The McKinsey partner actually called the HP executive and asked why Deloitte was awarded the work over McKinsey!
That award, and the way we overwhelmed our competition, along with their response shows that Deloitte S&O has been playing in the highest levels of management consulting for a long time. It is just that only after we started sharing what was happening “under the engine” that people have realized there is much more going on here. For example, we set up special sessions with Kennedy Research so they would not make assumptions about the business but understand what we are actually doing.
Let’s talk about some landmark engagements which Deloitte runs, which our readers would typically expect to go to McKinsey and BCG.
I will have to be careful in answering this and will only speak to engagements which do not give away confidential client data. The first one that comes to mind is us helping execute a strategic rebalancing of Agilent’s business unit portfolio to help position several multi-billion dollar global divestitures. We concurrently performed a global cost reduction program targeting $450 MM in annual cost savings (38% reduction). The fees for that engagement were up in the low $20M.
I also do not want the readers to think that Deloitte S&O only performs major work in the US. I want to talk to some landmark projects outside the US. Turquality comes to mind – this is in the media. Our Turkish office, with strong support from the Dutch, German and UK offices are helping to literally transform the Turkish economy. We helped the Turkish government review all Turkish companies across all sectors and find those who could be helped, through improved strategies and business practices, to become more profitable and stronger. This 4 year engagement is the center of Turkey’s plan to make sure its economy can grow, and the results speak for themselves. At its peak, we had 40 consultants on the engagement generating fees well in excess of $40MM.
We helped ABM set the strategic guidance for all Mexican banks on pricing, growth and technology adoption. Deloitte S&O developed an interchange fee structure for card transactions in the Mexican banking system to maximize growth of electronic payments for the domestic network while optimizing benefits. Just a couple million dollars in fees and this engagement was of great importance to the Mexican government and economy.
In another engagement, growth for CNN International had slowed as multi-channel TV penetration peaked and profitability was being challenged by local channels. We delivered a real and robust growth strategy, adding incremental revenue exceeding $100MM. This engagement was led from the UK practice.
Finally, Bluescope Steel faced increasing maintenance costs and needed sustainable cost reductions. We beat all our peers to design and deliver an improved maintenance program, enabling a data-based approach to find and resolve bottlenecks. The fees exceeded $2MM on this engagement.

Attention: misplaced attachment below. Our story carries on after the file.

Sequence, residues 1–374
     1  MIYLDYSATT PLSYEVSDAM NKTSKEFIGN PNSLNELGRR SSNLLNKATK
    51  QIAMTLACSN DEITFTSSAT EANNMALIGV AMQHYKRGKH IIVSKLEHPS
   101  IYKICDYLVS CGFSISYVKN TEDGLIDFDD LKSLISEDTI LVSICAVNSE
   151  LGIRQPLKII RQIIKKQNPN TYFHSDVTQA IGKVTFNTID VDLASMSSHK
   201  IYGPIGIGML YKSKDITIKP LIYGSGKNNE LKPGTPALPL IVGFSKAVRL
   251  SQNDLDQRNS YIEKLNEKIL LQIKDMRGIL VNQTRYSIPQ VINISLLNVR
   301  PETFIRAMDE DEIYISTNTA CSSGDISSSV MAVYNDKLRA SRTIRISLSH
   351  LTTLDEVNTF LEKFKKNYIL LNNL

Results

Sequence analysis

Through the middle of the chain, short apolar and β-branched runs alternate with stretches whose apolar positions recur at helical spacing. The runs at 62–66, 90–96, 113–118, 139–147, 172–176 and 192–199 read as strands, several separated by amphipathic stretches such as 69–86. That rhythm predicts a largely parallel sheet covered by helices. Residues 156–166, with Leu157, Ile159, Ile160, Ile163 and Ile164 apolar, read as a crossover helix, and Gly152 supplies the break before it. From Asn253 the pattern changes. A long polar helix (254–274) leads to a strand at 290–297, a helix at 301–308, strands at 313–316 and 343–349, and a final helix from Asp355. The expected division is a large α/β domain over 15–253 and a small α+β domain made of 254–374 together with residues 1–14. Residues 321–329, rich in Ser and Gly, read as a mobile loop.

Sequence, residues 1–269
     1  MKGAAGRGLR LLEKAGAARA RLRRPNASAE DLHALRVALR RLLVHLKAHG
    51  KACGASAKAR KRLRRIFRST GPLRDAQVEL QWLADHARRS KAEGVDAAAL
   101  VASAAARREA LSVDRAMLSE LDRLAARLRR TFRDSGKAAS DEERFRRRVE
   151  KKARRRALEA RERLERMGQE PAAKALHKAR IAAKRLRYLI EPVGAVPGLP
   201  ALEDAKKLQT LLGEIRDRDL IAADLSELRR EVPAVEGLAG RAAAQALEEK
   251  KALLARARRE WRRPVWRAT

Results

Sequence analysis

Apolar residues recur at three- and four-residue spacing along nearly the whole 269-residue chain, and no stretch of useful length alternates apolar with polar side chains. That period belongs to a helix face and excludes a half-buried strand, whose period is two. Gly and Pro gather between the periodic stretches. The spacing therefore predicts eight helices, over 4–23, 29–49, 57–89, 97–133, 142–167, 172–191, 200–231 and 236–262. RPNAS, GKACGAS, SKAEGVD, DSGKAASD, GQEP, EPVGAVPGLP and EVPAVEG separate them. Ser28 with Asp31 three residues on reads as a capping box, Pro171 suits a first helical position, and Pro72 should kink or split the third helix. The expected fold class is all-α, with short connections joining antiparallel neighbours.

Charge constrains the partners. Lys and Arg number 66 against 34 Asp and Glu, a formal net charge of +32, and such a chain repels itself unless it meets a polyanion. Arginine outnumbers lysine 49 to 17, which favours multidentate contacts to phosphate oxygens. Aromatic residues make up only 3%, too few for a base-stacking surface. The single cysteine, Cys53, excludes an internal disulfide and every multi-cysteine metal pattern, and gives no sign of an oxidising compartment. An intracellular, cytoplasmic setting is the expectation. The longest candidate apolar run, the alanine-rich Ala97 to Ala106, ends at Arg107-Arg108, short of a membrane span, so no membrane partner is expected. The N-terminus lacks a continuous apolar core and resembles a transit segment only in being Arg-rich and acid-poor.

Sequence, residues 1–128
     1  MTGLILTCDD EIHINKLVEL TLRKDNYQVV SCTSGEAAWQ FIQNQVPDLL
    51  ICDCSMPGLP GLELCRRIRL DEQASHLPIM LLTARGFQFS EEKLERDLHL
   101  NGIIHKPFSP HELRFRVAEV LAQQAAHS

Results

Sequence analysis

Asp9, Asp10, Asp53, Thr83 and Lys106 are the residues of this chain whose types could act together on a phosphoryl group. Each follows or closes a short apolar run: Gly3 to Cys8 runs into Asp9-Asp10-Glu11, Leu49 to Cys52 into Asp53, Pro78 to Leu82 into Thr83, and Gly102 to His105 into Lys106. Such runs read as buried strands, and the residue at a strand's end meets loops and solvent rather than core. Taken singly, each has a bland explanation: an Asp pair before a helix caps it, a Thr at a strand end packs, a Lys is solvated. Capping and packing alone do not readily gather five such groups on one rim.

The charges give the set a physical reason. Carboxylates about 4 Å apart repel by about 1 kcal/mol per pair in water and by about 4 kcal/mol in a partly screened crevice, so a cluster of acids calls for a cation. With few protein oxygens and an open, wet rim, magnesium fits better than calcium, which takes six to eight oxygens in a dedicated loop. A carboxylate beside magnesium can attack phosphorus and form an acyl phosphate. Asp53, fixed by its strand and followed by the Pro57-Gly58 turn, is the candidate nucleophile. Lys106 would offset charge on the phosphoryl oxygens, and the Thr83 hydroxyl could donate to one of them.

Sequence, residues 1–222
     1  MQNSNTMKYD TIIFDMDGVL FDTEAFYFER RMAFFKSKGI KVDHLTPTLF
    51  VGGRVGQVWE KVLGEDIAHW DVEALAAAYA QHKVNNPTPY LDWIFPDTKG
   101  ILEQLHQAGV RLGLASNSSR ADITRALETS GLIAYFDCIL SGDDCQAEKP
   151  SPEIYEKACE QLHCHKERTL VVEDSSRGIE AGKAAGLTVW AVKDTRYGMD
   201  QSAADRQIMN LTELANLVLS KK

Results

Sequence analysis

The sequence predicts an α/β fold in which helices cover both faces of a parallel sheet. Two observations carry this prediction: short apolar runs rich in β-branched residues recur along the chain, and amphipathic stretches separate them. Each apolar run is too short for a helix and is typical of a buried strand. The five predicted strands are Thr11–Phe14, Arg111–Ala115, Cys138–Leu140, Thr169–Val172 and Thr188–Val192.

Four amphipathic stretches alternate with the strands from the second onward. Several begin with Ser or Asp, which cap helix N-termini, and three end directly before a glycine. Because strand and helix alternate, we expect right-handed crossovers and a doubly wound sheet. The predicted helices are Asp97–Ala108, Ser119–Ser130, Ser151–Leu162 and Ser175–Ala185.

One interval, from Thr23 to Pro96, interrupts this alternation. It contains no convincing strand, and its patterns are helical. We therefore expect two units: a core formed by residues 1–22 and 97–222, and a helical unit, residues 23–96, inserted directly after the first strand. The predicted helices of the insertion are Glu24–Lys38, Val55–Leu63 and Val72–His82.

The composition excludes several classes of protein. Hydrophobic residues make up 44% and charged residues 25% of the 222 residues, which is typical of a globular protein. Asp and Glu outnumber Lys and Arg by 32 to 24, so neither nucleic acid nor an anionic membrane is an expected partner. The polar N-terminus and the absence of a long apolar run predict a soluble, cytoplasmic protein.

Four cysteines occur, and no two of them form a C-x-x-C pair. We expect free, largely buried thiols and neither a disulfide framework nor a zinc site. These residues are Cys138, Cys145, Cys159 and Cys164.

This list can go on and on. Yet, I think your readers get the point. We do great work.
Why do you think many, rightly or wrongly, consider Deloitte tier-2? For the record, I do not like that phrase much.
I just think people need to take more time to learn about Deloitte and not go on perceptions and hearsay. For example, you taking the time to ask these questions is a good example of what candidates need to do. You would not be asking these questions if you already knew about Deloitte. Granted, we should be doing more to make it easier for candidates to learn about Deloitte S&O. I have for long time advocated a separate website to address this issue and I think that will help. However, even without the separate website, as I explained earlier, we still do outstanding work and a serious candidate would dig behind the misperceptions to find out what is happening.
What is happening with the Deloitte Review?
It is still going strong. It is the flagship publication of Deloitte S&O and captures our best thinking. It can be found on the Deloitte website. There are plans to expand the review and I think in a year it will be a very different, and more exciting, initiative.
Tell us about the strategy laid down by Punit Renjen (previous S&O leader) and the results so far.
Punit’s vision was simple. He wanted us to be within the top-3 recognized consulting firms by 2009. Granted, we are still not there on the general market perception, but he made huge strides, and we are there in terms of quality and client perception. We now have one consistent and unique identity and branding worldwide. The momentum we built attracted a drove of McKinsey, Bain and BCG partners to come across to Deloitte S&O. Profits surged, we started winning major assignments and recruitment went through the roof. We are one of the largest recruiters of MBA candidates worldwide. In terms of eminence, Deloitte partners wrote more books than most of our peers last year and we repositioned the Deloitte Review.